Elizabeth Peredo Beltran
It has rained incessantly recently in the Bolivian Amazon and in the Valleys. The waters that have flooded our territory since January, are thought to be the result of the worst rains in 40 years. More than 60,000 families have been affected—at least 350,000 people have had to leave their homes.
They have lost almost everything they own: their animals, their crops, their daily lives. UNICEF has reported that 60,000 Bolivian children have been affected. Nine hundred schools have had to suspend activities for almost a month due to high risk. More than fifty people have died and some of their bodies have still not been recovered. And we cannot yet tell what the magnitude of the impact on health, food and the ability of communities to rebuild their lives will be as the floodwaters recede and the extent of the destruction is slowly revealed. One small example of how poverty triggers the vulnerability of communities comes from the situation of the indigenous people in the Isiboro Sécure National Park and Indigenous Territory (TIPNIS) communities.
Though reports speak of huge losses of corn, rice, potatoes, soybeans, vegetables and livestock—with estimates of more than 250,000 head of cattle missing—it remains to be seen in the next few months what the economic impact of floods will be for these peoples themselves, and what the impact will be at both regional and national levels.
In the face of the dramatic situation presented by this disaster both authorities and civilians across the whole country have mobilized to collect food, medicines and everything necessary to bring help to the affected communities. Above and beyond, these good intentions to come together to provide aid for those affected by the floods in the Amazon region and in the Bolivian valleys, we were far from being capable of confronting the dimension of such a disaster. Rainfalls are also far from being recognized as not an occasional event but rather as climate change events that will only repeat more frequently in the future.
Not far from this region, droughts are hitting hard: in both the Chiquitanía region and the Chaco regions of Santa Cruz and Tarija there have been losses of thousands of hectares of crops, which is resulting in a silent forced migration to the cities. Just some months back the Bolivian Defence Ministry reported 247,000 hectares of land affected by the lack of rain, by snow or by fire. Meanwhile the loss of our glaciers is a sorrow to which we are becoming accustomed.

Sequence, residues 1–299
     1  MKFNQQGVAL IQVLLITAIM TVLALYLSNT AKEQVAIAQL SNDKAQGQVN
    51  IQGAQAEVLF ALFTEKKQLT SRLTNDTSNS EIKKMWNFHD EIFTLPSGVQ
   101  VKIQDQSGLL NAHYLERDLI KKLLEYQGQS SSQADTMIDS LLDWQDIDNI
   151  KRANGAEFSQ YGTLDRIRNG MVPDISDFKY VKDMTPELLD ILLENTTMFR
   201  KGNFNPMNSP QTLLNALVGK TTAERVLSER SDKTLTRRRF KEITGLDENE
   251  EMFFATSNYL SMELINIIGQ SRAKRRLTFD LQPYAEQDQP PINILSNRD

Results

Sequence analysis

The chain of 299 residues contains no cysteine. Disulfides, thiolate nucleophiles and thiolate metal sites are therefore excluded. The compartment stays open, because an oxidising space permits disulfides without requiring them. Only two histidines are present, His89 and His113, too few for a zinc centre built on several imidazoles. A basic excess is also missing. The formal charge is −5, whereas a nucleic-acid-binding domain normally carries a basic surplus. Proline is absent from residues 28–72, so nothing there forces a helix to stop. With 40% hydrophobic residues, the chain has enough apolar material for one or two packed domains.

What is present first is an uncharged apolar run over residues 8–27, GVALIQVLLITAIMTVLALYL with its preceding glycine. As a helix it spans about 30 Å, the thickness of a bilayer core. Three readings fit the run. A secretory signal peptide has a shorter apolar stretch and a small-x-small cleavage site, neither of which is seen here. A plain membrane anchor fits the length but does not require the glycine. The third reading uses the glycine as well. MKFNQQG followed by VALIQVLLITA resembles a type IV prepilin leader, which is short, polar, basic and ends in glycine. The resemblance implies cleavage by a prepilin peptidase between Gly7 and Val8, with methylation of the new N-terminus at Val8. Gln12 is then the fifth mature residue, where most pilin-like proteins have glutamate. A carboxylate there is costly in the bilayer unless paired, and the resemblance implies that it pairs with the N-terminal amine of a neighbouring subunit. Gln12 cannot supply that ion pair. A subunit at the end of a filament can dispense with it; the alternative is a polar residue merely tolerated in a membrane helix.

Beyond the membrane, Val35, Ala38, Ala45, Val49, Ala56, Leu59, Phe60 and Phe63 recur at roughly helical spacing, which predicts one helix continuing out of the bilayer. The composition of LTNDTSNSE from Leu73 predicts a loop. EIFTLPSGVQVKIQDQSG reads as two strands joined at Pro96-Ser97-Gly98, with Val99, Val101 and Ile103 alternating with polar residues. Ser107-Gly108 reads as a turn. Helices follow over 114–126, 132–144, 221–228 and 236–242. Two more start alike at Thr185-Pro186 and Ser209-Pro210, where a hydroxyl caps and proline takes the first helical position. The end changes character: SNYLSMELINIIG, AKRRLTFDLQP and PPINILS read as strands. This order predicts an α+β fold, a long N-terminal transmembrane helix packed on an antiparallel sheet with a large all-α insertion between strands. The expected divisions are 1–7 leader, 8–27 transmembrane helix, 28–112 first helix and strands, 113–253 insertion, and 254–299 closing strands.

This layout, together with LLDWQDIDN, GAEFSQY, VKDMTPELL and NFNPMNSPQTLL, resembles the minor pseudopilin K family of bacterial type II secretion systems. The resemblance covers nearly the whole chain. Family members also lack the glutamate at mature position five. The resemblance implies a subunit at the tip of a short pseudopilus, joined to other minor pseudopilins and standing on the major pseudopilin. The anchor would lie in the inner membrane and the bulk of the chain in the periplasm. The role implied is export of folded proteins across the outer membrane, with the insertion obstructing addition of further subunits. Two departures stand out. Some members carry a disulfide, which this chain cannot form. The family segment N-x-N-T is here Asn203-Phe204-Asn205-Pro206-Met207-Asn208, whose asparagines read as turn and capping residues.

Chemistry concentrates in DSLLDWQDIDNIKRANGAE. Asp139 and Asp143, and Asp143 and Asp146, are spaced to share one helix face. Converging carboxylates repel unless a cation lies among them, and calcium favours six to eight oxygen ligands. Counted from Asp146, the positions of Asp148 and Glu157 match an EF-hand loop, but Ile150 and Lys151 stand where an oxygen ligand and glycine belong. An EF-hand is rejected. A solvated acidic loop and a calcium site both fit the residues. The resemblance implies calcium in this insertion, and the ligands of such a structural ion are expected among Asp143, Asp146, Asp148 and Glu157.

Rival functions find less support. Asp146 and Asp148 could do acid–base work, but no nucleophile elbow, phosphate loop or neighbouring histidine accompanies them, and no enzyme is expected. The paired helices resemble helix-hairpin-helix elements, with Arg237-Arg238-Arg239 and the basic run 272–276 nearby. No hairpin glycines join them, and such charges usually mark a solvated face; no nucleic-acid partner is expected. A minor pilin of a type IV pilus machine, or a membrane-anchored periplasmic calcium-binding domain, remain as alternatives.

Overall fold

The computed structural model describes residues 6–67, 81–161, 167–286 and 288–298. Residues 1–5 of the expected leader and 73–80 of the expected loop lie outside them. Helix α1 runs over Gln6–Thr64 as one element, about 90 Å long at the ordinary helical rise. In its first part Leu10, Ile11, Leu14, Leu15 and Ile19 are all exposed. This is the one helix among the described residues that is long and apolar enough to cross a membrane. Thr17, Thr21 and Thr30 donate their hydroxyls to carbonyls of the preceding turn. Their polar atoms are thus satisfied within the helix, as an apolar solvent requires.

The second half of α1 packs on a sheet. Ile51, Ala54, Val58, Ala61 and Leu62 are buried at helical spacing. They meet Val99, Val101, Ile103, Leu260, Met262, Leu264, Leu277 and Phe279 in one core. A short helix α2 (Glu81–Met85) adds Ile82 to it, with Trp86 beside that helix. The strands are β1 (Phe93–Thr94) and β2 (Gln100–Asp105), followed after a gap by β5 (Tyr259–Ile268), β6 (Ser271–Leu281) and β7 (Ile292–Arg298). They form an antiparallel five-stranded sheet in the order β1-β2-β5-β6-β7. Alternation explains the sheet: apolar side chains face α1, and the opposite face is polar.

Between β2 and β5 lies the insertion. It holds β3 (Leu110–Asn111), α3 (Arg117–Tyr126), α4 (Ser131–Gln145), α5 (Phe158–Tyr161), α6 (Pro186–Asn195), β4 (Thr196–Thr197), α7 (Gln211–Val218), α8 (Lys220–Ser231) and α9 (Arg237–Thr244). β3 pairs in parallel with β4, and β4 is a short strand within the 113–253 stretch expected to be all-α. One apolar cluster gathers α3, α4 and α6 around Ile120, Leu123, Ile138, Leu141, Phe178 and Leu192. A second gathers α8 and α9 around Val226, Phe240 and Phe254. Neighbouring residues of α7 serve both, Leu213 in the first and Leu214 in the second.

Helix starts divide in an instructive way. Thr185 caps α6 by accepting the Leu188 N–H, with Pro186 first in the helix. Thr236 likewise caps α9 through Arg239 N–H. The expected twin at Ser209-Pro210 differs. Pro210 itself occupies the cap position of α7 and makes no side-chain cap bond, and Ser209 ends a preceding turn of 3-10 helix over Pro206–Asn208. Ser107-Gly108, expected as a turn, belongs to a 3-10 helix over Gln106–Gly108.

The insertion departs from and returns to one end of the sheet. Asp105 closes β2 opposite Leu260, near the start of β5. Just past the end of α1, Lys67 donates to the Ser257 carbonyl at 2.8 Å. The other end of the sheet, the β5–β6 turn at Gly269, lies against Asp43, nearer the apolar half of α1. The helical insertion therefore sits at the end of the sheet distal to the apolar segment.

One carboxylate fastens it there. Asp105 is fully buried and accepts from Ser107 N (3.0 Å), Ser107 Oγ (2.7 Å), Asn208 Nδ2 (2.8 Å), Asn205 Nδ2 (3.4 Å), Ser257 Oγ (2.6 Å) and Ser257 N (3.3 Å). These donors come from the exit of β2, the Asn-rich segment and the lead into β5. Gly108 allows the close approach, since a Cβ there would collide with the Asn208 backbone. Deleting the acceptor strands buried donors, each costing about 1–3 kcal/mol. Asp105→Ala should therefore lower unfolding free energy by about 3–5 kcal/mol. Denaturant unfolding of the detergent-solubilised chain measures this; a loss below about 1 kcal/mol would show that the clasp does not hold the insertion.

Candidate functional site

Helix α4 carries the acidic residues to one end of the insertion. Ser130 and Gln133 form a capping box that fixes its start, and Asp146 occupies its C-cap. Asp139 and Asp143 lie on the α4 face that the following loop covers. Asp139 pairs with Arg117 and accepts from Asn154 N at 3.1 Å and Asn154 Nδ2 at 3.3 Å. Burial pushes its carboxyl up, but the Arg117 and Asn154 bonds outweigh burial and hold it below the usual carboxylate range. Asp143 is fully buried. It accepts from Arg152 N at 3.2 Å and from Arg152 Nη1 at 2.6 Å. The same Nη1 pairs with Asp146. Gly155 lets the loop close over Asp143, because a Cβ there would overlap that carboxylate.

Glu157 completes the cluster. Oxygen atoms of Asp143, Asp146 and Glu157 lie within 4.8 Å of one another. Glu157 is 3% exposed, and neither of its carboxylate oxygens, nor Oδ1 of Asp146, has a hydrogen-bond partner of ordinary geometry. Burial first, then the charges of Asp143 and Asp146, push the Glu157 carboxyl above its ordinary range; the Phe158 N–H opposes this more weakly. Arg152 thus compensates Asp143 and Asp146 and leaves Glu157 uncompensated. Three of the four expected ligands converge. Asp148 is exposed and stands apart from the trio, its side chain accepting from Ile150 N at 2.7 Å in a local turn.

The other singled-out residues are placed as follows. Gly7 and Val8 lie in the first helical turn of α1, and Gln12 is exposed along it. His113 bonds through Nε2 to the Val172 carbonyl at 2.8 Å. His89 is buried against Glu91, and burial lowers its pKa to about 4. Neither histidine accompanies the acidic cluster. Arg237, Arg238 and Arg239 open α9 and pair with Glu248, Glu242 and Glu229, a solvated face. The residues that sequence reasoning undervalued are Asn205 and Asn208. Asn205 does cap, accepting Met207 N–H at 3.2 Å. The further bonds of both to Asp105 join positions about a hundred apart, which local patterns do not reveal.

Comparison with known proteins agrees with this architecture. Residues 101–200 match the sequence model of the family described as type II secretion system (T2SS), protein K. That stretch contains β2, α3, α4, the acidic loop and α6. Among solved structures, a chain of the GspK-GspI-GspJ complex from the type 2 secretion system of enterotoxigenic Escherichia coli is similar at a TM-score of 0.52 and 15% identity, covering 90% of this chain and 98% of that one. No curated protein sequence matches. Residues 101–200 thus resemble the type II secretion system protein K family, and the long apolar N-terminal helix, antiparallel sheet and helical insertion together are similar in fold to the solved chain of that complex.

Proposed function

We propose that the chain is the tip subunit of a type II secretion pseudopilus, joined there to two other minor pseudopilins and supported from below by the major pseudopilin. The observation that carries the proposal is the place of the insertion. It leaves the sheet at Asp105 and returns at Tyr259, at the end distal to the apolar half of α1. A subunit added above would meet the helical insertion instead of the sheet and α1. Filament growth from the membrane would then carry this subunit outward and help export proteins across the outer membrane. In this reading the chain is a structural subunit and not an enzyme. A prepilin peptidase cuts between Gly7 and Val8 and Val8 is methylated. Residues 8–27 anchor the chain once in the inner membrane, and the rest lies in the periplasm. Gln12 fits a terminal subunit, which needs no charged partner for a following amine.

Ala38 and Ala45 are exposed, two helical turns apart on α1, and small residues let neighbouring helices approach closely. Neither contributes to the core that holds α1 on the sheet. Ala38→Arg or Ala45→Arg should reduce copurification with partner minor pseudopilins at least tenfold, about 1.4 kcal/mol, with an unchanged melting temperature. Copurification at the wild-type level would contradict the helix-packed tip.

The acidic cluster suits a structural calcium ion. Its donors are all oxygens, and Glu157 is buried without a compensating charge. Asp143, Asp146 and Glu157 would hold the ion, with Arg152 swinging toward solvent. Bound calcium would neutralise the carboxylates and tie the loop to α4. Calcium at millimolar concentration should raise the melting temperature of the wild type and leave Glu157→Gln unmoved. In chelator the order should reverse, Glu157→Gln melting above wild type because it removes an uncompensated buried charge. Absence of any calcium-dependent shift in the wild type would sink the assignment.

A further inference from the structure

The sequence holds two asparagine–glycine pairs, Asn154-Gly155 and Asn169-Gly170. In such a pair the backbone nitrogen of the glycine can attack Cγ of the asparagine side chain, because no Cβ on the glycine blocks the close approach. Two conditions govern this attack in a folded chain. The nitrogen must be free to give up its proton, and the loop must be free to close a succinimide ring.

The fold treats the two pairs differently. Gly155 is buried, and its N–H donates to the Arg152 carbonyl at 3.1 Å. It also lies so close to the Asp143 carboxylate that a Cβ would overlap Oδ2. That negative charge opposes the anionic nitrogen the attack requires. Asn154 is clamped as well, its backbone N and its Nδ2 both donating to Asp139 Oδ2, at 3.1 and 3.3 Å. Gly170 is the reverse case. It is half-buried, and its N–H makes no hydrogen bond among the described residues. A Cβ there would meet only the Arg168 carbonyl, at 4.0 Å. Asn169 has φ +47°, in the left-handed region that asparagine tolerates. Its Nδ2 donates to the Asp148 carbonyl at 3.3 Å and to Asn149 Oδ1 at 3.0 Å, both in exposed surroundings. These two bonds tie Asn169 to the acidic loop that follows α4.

Climate change is not just a scientific issue, nor is it just something which is of exclusive interest to UN negotiations, nor it is a warning for the future: it is already present in our times, in our territories and it comes with violence. Climate change affects people’s lives and it is already claiming many victims.
We share this grief with millions of people across the planet who are suffering the same consequences. Just a few months back more than 11 million people were affected by super typhoon Haiyan in the Philippines. A million people were without electricity after snowstorms caused by the late winter polar vortex in the U.S. Thousands of people affected in the UK in what was considered the worst flooding in 200 years. Thousands of hectares of forest burned annually in Australia by the alarming drought and heat. Thousands affected in Central America, Argentina, Brazil, Colombia, Uruguay, Paraguay and other countries. Twenty-five million souls were driven into uncertainty by water shortages, the result of droughts and heat waves in California. A deadly landslide with more than one hundred people missing in Washington State, the result of heavy rains. Millions of humans and ecosystems at risk in various parts of the world … News that nobody wants to hear, but which we will inevitably be forced to confront in our own lifetimes, even though the news appears first as cold statistics in the press.
We need to connect the dots to realise that climate change is a phenomenon that challenges us to overcome short-term visions and the empty rhetoric of “Mother Earth,” devoid of concrete actions. Climate change is a consequence of the violent exploitation of nature, of endless economic growth systems based on fossil fuel consumption, understood as an irreplaceable condition for human “welfare.” This obsolete idea has been inculcated into our lives on a social, a psychological and on a cultural level. Continue reading